How do you train someone for a situation that is almost entirely unknown? No mission control, no fixed criteria for sucess or failure. Just guesswork, improvisation, and staying calm under pressure. Playing the long game when you can't see the board.
Anyone running an ambassador training program also can't rely on the
sci-fi standard youth indoctrination camp. You can't rely on secrecy and
limited information. You need wholehearted consent. Your ambassadors
will be out in the world, thinking for themselves, reading all the
forbidden literature, uncovering all the leaks and war crimes, or running into another astronaut, alien, or adaptive artificial intelligence trained to argue philosophy.
An Excerpt: Training
"Moving on to proposal three. Hire some puzzle-makers and psychologists. Tell them to design some non-anthropocentric puzzles. Really hard ones."
"Should we ask an alien for advice?"
"Perhaps, if we can explain the concept to them. I'm sure other species have had the same problem. But they could bias the training."
"Noted. I think we should look at full-scale simulations as well."
"Like virtual reality?"
"No, that never works. I mean the sort of simulations that paramedics use. You arrive on scene, there's fake blood everywhere, an overturned car or a collapsed stage, and you need to triage. Like an obstacle course, except it's realistic."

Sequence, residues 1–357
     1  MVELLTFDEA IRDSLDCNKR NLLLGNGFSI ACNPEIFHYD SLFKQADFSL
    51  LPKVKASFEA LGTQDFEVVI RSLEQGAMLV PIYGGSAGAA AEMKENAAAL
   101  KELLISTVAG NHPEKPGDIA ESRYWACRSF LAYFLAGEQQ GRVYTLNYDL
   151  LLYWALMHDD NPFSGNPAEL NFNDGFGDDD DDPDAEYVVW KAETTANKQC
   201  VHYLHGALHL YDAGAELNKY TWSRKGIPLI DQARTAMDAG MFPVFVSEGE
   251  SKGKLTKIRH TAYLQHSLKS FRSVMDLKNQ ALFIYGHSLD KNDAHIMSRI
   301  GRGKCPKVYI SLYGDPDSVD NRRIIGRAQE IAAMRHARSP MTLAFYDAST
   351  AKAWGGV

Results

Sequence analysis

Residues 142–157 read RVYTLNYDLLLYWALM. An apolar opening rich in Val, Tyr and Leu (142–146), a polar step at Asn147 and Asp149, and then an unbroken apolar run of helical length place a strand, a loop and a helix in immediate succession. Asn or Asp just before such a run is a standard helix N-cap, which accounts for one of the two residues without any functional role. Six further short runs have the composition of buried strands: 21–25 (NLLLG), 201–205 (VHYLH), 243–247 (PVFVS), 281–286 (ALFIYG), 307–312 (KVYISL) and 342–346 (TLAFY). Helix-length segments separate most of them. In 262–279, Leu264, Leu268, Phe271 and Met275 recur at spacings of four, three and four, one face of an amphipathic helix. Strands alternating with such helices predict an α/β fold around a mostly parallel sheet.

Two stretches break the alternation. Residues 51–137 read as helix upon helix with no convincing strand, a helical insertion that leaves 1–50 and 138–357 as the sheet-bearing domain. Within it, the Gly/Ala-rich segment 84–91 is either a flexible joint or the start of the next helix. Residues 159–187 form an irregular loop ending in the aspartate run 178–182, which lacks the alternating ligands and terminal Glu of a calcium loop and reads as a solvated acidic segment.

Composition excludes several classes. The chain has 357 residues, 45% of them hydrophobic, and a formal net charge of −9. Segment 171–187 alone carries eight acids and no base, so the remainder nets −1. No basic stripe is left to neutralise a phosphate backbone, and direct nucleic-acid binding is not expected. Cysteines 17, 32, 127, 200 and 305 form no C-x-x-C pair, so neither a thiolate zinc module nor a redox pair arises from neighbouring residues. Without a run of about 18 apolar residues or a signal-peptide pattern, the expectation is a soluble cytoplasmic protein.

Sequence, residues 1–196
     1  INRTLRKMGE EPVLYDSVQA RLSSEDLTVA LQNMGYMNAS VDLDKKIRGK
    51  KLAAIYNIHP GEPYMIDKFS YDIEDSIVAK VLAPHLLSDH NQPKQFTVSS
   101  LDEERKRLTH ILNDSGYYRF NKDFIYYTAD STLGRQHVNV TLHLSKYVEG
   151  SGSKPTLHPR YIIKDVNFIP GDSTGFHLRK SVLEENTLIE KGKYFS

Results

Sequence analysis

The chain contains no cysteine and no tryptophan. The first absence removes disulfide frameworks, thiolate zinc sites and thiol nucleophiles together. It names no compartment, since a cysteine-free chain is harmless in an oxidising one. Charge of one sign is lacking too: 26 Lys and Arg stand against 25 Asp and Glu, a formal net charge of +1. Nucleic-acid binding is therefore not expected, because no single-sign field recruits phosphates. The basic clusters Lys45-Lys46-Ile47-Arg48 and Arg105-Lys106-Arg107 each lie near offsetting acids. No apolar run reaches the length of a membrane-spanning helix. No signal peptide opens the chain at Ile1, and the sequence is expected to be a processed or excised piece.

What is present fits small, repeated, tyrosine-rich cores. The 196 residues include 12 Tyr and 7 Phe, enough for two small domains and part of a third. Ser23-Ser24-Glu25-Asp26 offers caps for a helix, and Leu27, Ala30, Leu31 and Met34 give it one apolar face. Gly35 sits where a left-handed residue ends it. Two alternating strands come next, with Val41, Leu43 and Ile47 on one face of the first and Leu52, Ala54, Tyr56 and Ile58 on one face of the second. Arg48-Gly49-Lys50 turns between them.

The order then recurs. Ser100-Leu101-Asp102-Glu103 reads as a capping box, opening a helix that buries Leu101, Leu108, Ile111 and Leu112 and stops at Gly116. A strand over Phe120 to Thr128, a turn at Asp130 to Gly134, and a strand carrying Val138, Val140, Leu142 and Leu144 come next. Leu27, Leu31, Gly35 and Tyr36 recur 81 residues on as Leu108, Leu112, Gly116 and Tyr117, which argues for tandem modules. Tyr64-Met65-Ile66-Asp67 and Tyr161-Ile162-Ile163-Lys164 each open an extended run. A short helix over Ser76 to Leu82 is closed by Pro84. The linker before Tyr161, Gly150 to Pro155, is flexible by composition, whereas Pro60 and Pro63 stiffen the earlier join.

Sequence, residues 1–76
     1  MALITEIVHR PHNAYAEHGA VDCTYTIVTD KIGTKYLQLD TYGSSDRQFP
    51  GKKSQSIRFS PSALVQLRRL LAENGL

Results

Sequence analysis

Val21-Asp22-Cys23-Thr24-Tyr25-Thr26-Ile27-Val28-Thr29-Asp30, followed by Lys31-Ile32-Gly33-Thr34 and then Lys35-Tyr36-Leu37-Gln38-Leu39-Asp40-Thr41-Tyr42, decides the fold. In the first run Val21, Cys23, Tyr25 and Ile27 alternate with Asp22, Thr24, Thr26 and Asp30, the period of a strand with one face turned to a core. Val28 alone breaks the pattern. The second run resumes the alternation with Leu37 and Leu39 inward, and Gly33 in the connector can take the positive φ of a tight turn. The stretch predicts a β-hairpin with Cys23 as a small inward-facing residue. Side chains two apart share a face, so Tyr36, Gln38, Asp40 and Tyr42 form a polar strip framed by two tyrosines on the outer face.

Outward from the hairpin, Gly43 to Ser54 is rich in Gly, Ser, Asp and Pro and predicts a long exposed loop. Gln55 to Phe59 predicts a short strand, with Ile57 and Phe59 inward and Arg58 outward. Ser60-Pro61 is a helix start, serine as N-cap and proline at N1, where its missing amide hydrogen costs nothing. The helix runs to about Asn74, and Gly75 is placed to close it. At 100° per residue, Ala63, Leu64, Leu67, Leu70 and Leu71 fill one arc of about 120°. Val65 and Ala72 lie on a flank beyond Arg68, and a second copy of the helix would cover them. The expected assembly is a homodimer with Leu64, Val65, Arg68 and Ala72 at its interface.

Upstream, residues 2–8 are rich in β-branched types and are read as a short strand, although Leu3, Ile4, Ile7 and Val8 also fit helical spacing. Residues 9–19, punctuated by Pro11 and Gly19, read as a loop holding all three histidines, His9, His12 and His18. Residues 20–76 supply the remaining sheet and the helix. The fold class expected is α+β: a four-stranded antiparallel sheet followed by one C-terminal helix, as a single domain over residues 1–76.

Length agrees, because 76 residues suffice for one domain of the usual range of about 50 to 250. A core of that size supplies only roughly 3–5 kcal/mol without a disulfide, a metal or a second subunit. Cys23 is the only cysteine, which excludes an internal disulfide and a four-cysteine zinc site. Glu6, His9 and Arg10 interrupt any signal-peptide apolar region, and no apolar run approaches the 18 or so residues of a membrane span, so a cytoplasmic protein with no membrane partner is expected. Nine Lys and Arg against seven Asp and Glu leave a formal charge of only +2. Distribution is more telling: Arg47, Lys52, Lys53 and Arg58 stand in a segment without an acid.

"And instead of actors it's logic puzzles?"
"Or actors in alien costumes."
"Right. And our trainees have to navigate the scenario."
"Hear me out. We want our trainees to be used to bewildering situations, of clinging to rationality when the world is apparently going mad. So we dose them with mescaline, and perhaps a mild emetic, or something else to simulate zero-G sickness. I don't know, I'm not a doctor."
"Can someone explain how we'll get useful information out of this proposal? How are we evaluating trainees? Is this timed or..."
"It's holistic. The point is to see how they do under extremely adverse conditions designed to simulate, as best we can, the experience of being out there. Alangrave described visiting a station as 'being a mouse in a shopping mall designed by Escher.'"
"And trying to solve a rubix cube, on mescaline, while theater students dressed in rubber suits hit you with pool noodles is exactly like that, right? Come on. Proposal four..."
Pack Only What You Need
In null gravity, humans aren't going to do a lot of walking Is leg amputation really such a radical proposal? Cybernetic eyes and cortical implants are science
fiction, but chopping off legs is science fact. 30-40% a
human's mass is legs, and you don't need legs in null gravity. Space agencies in the real world seem to agree. Launch mass is one concern, but maneuvering mass is also important, and a species surgically altering itself make space travel easier is not uncommon.